I do not know any Japanese. Well, a handful of words, but nothing of use to me here and that really restricted the resources I could use. It meant that I was learning one dialect from the material adapted from the STV course but then another via Drops and (I think!) another through the YouTube videos. Plus, the STV audio was passably useful to me, but would have been more useful if I could understand the whole thing and work out what was coming up next.
I also don’t think any of the resources I used were overly impressive. The Shito Channel videos were good, especially the first couple, but then full conversations were dived into quickly and, because I don’t speak Japanese, it was difficult to understand context. (Note: there are English subtitles on the videos for the Ainu conversation and the video notes, while in Japanese, can generally be pasted into Google Translate for basic understanding, so please don’t think I’m telling you not to use this as a resource!)
Drops was a bit of a waste of my time; it reinforced some words I had already learnt but I couldn’t get new ones to stick. I don’t know if it’s that the method doesn’t work for me or if it’s that I only had five minutes available every ten hours—it just wasn’t the one. I will probably give it another try when I move on to Māori at the end of March, but I don’t really see it delivering on what it promises, for me.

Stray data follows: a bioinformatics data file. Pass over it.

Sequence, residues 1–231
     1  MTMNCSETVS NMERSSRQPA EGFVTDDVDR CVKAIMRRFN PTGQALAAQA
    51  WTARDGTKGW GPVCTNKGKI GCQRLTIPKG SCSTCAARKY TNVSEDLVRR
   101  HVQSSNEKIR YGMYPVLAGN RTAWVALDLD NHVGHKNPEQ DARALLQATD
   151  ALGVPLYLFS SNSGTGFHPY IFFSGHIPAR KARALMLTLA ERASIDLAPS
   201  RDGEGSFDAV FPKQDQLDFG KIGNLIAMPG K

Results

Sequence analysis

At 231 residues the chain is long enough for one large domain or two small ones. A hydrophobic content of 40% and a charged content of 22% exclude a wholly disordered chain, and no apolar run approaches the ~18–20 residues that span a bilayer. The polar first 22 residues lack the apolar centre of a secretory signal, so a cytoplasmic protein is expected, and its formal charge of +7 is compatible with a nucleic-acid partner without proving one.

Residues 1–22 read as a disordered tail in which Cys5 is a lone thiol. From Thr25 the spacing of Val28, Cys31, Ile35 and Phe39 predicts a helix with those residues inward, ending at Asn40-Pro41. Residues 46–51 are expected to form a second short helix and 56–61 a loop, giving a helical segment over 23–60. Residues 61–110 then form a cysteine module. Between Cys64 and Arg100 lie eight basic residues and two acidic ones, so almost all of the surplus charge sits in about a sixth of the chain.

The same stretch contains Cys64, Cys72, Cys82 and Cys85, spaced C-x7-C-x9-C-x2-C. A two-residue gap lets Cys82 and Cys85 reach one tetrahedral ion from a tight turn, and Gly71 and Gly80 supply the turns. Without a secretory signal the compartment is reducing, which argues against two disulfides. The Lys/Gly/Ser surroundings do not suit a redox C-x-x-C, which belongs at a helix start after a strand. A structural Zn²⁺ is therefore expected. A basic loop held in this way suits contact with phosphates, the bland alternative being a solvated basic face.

Memrise was fundamentally good, but sadly whoever put the course together had relied a lot on the katakana, so when I decided, halfway through, to abandon any pretence of using katakana myself, it made going through the Memrise course a bit frustrating and tedious.
The Unilang course/STV adaption is good and thorough, but not much use if you want a conversational grasp of the language, I think. And I don’t really understand why—if you want to promote an endangered language, surely making it seem a little useful would make it more popular? I don’t know for sure and I don’t know what they’ve been doing in the years since, but this wasn’t exactly what I was after, which is a shame.
But, all that said, don’t let me put you off learning Ainu! If you speak Japanese, especially, I’m sure there are plenty of amazing resources out there for you to use (lots of hidden gems, I bet) and even if you don’t, if you’re determined enough then you’ll be able to pick up enough to move onto something more advanced. I might suggest learning a little Japanese before you being (if you can!), though.
What about those stats?
I’ve studied Ainu for 642 minutes (10.7 hours) over the last eighteen days, averaging out to approximately 36 minutes (0.59 hours) per day. Again, that’s remained pretty steady, a little above my half an hour per day target, so that’s good.
Like I said before, I learnt 220 words on Memrise and just over 75 words on Drops, so around 295 words in total. I got up to lesson 16 of the Unilang/STV course and lesson 6 on the Shito Channel (YouTube).
Not bad at all, considering!
Have a chart:
Only four resources for me this time around, but I’m not surprised and glad to see I spent the vast majority of that time on the Unilang course and Memrise—they were reinforcing each other, so what I’ve learnt should have stuck pretty well.
From today, I’m learning Guernésiais, the language of—you guessed it, Guernsey. I’ll drop the intro post for that tomorrow and will also update the resources Google Sheet with the extra resources I used for Ainu and the ones I’m going to use for Guernésiais.
Apunno paye yan!